The creation of life from clay has the additional version in the mode of the golem. The golem is a creature of Jewish folklore, formed of clay and enlivened by commands through its mouth. As mighty beings of clay, the golem was a staunch defender of the community if a silent one. The golem in the most famous narrative, Prauge, turns out in its own time to be a danger when it turns against the community—reasons vary from rejection to simple murderous impulse to violation of the Sabbath. Either way, the golem is ended by the hand that created it by removing its scrolls or altering the script on its head that gave it life.

GolemofPrauge

A recreation of the Golem of Prauge.

The horror genre has of course a parallel with the golem, shared as part of the origin of science fiction: Frankenstien’s monster. The monster, like the golem, is a recreation of the forming of life that starts out benevolent—to the farm family at least, if not to the creator himself who has fled. Eventually he turns on his creator, and the rest is as they say history.

There are more modern uses that, like Frankenstein, employ electricity. The New Motive Power was an attempt to create a messianic figure out of electricity and metal. Its creator, John Spear, communed with an electrical host of spirits. Intended as one of many inventions—including airships and mass telepathy communication networks—the mecha-messiah was ritually conceived and born to no avail. In many ways, this ritual creation of life resembles that Babalon Working by a pair of occultists a century later. Neither attempt succeeded, to the despair of horror authors.

This physical recreation had influence for a significant amount of time among scientific thought. In the pre-genetics age, it was believed that the sperm carried a miniature version of the eventual human that would be born of it, and if placed in the right conditions it would form the person without need for another partner. Preformatism had some proponents that placed the miniature in the egg instead of sperm. Irregardless, the theory proposed in essence that humanity had been entirely contained in its original parents, a scientific notion that has a resemblance to mystical notions of Adam as the first man.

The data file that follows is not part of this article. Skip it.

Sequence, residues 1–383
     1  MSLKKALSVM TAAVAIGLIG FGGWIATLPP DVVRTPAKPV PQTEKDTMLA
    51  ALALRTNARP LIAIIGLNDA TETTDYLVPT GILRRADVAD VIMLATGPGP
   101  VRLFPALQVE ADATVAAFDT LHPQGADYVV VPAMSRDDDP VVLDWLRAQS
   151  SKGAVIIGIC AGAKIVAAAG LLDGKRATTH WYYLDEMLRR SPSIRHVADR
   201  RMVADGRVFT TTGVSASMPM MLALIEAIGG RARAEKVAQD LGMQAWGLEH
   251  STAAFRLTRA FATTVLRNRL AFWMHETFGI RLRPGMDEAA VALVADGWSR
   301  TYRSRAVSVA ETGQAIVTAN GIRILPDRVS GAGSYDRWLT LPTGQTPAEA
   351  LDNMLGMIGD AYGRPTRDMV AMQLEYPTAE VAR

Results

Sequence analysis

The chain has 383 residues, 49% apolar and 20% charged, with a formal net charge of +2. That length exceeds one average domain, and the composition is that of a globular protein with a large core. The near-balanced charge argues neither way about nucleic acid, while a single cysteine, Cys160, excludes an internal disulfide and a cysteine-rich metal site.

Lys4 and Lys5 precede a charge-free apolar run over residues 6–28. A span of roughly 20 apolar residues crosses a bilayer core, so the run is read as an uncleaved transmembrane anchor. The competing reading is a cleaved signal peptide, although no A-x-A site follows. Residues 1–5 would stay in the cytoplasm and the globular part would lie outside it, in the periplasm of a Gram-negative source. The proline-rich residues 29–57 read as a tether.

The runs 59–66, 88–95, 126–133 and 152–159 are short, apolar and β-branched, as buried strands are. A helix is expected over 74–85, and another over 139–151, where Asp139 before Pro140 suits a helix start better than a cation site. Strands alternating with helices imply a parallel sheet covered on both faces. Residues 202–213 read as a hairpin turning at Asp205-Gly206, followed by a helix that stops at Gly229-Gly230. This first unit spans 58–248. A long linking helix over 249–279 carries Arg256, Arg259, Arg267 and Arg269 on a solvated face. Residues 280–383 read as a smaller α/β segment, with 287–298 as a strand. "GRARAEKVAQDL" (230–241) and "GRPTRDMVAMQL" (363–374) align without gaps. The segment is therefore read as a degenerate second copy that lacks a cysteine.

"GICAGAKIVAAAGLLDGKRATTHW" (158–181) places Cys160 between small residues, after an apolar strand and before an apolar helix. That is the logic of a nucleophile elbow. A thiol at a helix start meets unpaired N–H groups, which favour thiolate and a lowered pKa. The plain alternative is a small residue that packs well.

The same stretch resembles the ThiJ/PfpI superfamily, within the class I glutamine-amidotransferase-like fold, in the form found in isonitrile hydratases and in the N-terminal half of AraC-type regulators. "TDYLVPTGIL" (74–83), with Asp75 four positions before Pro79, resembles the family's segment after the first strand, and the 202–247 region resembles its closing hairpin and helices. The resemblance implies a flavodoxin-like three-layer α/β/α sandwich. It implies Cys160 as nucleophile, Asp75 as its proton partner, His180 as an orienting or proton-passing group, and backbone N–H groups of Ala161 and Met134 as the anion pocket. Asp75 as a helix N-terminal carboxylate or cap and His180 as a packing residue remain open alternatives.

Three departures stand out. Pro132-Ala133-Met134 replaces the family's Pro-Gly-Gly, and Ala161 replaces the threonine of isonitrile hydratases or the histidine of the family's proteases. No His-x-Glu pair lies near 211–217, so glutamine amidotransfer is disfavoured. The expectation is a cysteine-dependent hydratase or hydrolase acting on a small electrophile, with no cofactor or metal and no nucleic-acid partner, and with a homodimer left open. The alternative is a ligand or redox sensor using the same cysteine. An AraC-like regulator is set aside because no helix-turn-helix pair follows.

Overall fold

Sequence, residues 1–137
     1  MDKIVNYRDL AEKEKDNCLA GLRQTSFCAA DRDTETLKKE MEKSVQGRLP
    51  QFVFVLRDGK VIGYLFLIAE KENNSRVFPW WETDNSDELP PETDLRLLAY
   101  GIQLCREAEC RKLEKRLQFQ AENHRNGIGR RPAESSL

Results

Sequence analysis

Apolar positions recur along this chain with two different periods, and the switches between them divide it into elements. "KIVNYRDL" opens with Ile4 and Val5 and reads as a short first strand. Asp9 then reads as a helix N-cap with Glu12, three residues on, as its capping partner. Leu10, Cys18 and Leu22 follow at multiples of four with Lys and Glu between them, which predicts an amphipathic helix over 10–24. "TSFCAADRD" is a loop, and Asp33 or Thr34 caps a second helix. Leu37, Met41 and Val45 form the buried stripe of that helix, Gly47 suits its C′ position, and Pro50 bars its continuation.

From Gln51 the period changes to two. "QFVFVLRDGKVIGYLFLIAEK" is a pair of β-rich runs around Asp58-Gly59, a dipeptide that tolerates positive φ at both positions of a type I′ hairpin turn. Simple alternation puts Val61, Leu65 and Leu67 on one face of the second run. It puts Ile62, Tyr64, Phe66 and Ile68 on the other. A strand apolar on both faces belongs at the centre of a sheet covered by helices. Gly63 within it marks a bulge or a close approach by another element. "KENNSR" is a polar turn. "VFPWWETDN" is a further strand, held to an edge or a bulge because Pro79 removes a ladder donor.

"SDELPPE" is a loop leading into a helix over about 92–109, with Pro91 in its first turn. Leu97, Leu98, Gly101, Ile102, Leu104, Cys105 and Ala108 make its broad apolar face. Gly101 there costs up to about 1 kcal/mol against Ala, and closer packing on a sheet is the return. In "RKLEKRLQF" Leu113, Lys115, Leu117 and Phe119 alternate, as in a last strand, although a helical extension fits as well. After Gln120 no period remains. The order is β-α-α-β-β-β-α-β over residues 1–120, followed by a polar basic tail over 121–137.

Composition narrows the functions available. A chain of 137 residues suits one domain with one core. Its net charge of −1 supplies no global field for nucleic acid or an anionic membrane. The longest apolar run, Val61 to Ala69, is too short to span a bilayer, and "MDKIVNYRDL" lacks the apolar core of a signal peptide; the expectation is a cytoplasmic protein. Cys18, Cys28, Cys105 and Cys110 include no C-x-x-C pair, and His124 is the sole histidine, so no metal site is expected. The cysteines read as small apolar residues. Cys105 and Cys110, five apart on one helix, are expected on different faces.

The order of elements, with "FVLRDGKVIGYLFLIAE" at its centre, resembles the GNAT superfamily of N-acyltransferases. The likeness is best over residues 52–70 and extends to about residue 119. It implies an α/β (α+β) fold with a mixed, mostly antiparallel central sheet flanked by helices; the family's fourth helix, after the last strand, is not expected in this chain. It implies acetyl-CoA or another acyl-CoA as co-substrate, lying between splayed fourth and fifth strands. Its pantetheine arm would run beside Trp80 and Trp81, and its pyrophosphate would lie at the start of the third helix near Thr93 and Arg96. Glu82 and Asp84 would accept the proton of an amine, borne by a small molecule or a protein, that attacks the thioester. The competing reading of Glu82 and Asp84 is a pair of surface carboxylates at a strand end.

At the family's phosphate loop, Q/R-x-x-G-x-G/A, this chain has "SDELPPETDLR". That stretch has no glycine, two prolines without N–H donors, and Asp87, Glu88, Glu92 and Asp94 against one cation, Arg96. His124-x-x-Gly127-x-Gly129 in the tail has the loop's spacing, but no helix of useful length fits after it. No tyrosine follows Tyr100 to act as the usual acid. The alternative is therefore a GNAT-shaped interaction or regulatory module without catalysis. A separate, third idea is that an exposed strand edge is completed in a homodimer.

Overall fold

Then there are more esoteric notions of life creation or duplication. The Finnish for instance had a tradition of guardian spirits that resembled their shamans, going ahead of them and doing as they do. The Buddha was capable of generating replicas of himself in meditation, illuminating the universe. Boddhistavas, as they approach their state, gain the power of multiple bodies to send forth and convert or exhort more individuals. The Monkey King, Sun Wukong, multiplied himself in battle and trickery on many occasions. The ability to create many bodies can be found among the rddhi in the Oxford dictionary, allowing for many of the dopplegangers so far referenced.

SunWukonFightsALion

Sadly, I could not find an image with Sun Wukong’s self-duplication. However, this fine print was found at http://www.yoshitoshi.net/alpha.html.

With all this in mind, there is another question to be answered: Why? Why is our nameless man trying to create another version of himself? Many reasons for making artificial life are given in folklore. Expressions of enlightenment, need for protection, divine emulation, want for a bride, want for a child. All of these have a history at some point in the history of popular media. However, I think the version here suggests that the source is self-centered. What we have here is not just a creation of life but a recreation of the self. The use of such bodies to cheat death is a surprisingly common trope in media for the mad scientist: The illustrious Doctor Doom has used it after a fashion, as did M. Bison, Rick Sanchez, and a host of others.